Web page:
A cross-cultural look at how the elbow bump has taken over
Jamaica's Health Minister, Dr Tufton and Chairman of the South East Regional Health Authority (SERHA), Wentworth Charles, greet each other with an 'elbow bump' at a ceremony last week in Kingston. (Photo: Marlon Reid)
With the economic and health-related impacts of coronavirus being documented almost by the second, the enormous social ramifications have understandably taken somewhat of a backseat.
But this does not mean that the social impacts of the virus are any less significant.
Social distancing has created 3-foot imaginary boundaries between people, while those who venture out in public tell funny stories of going blue in the face while suppressing their coughs and sneezes... But most frustrating for me is that our beloved ways of physically connecting with each other have been sorely impacted, with the handshake greeting taking a major hit.
Let us explore the impact of COVID-19 on the tradition of handshake that dates all the way back to the 5th century BC in Greece. The threat of the coronavirus pandemic to a thousands-of-years-old tradition is not surprising when considering that, according to scientists, more bacteria is transferred through a handshake than via any other greeting.
Research has even found that more germs are spread by shaking hands than kissing, and research from Aberystwth University has found that a handshake can transfer 10 times more bacteria than a fist bump.
While social media is littered with comedic videos of people doing invisible handshakes or knocking shoes, the answer for most is the elbow bump. No hand to hand contact means no germs - and no risk.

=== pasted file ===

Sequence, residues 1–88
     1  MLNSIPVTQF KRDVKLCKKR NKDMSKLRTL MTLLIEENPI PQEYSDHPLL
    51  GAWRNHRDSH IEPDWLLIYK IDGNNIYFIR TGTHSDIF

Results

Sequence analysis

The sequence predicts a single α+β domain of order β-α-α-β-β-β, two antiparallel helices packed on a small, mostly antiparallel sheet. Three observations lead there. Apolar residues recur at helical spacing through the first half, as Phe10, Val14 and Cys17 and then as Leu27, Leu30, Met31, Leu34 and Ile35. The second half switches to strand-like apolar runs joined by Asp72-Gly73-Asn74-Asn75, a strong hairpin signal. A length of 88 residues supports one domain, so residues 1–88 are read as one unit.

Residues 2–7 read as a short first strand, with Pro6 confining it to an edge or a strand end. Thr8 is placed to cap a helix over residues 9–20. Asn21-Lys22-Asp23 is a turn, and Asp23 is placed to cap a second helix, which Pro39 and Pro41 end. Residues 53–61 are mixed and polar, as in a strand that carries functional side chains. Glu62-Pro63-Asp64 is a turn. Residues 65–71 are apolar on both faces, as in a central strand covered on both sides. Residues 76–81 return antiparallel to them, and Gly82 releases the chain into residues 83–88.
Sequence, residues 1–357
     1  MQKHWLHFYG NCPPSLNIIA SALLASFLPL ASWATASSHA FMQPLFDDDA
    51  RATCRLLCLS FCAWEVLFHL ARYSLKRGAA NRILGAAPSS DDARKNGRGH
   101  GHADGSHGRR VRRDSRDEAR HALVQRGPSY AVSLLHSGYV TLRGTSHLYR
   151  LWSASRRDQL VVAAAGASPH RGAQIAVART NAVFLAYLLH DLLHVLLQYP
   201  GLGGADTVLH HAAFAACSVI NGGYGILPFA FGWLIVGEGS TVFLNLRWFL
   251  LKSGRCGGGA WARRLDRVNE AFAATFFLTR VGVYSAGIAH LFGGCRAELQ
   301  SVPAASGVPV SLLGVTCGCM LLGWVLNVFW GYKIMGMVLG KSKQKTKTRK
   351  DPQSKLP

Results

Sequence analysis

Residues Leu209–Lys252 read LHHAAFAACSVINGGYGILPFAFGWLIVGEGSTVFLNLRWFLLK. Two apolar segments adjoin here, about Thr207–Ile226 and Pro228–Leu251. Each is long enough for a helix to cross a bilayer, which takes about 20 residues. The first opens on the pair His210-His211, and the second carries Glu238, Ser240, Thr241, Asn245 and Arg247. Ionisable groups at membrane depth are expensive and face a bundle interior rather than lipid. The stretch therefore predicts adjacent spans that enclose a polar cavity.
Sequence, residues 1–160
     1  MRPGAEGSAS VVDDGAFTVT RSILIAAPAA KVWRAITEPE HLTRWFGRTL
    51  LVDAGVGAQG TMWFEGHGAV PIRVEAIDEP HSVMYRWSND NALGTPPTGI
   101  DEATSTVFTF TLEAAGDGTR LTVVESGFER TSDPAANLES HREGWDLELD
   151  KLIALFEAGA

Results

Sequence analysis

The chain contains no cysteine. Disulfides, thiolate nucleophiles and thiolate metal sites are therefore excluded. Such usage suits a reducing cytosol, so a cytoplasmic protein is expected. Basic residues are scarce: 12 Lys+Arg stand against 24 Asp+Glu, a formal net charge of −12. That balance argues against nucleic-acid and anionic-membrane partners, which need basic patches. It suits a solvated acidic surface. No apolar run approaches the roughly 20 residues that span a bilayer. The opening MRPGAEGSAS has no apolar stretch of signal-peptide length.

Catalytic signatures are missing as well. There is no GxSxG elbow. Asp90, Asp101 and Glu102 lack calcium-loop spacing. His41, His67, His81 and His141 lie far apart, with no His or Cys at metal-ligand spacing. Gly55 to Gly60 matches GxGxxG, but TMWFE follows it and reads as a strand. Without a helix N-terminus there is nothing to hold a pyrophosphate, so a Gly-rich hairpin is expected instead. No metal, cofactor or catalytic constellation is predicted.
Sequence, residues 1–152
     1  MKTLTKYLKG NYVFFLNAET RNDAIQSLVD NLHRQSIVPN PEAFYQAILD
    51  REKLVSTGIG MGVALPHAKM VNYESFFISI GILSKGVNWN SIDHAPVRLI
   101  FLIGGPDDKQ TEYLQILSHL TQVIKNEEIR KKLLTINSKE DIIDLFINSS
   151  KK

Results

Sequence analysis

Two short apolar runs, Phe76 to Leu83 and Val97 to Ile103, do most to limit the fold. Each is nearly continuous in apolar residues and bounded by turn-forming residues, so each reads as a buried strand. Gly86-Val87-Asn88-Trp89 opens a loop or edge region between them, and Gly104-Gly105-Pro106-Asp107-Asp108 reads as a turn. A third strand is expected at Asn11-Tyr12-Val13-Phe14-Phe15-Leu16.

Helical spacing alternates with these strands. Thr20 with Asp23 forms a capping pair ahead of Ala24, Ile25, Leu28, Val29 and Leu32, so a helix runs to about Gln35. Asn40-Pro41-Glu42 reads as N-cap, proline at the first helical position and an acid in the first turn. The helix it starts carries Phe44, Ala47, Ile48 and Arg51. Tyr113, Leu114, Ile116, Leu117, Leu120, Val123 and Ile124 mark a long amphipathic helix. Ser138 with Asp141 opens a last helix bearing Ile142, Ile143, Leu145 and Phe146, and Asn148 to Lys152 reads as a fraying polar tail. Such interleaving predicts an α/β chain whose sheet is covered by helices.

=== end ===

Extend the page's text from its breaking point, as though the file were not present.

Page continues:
It is estimated that the average person will shake about 15,000 hands in their lifetime... Could coronavirus threaten how we greet each other now and possibly forever?
And given the diversity of Cayman, shouldn't we consider that the common Western-style handshake greeting is not the only one that might be at risk on these islands? I can’t help but imagine whether the elbow bump will replace other greetings that I receive from friends of different cultures who reside here.
For my American, English and European friends who grab my hand firmly and shake vigorously, the elbow bump is an easy transition. We can go in low and fast just like a regular handshake, and a clash in elbows doesn't take away from the assertiveness of being firm and vigorous.
For mi amigos from Latin America, our elbow bump can be chest high; similar to when we slap high fives during soccer games, but no more one-armed “bro hugs” and definitely no double cheek kisses when greeting the ladies!
As for my friends from China, we can continue to end our greetings with a slight bow - but after we touch elbows.
And for my fellow countrymen from Jamaica, no more “lion paws” or “fist bumps” or the occasional strange slapping-of-the-palms and twiddling-of-thumbs thing. All of these traditions are vanquished for safety, leaving us with nothing but a double elbow bump, beginning with the two elbows meeting like an X then aligning straight across.
Jamaicans are extra.
Finally... for those who are just not feeling the elbow bump, there is always “wai”. Wai is a no-touch Thai greeting that requires you to clasp your palms together at chest level and bow. At least there are a few cultural salutations that have not been hurt by COVID-19.
For everyone’s sake, I hope that the coronavirus crisis will be over soon for a multitude of reasons, one of them being the annoying elbow bump take-over.
Our cultural differences, including the unique way that we greet each other, are a big part of what makes us interesting. Let us try to keep it that way.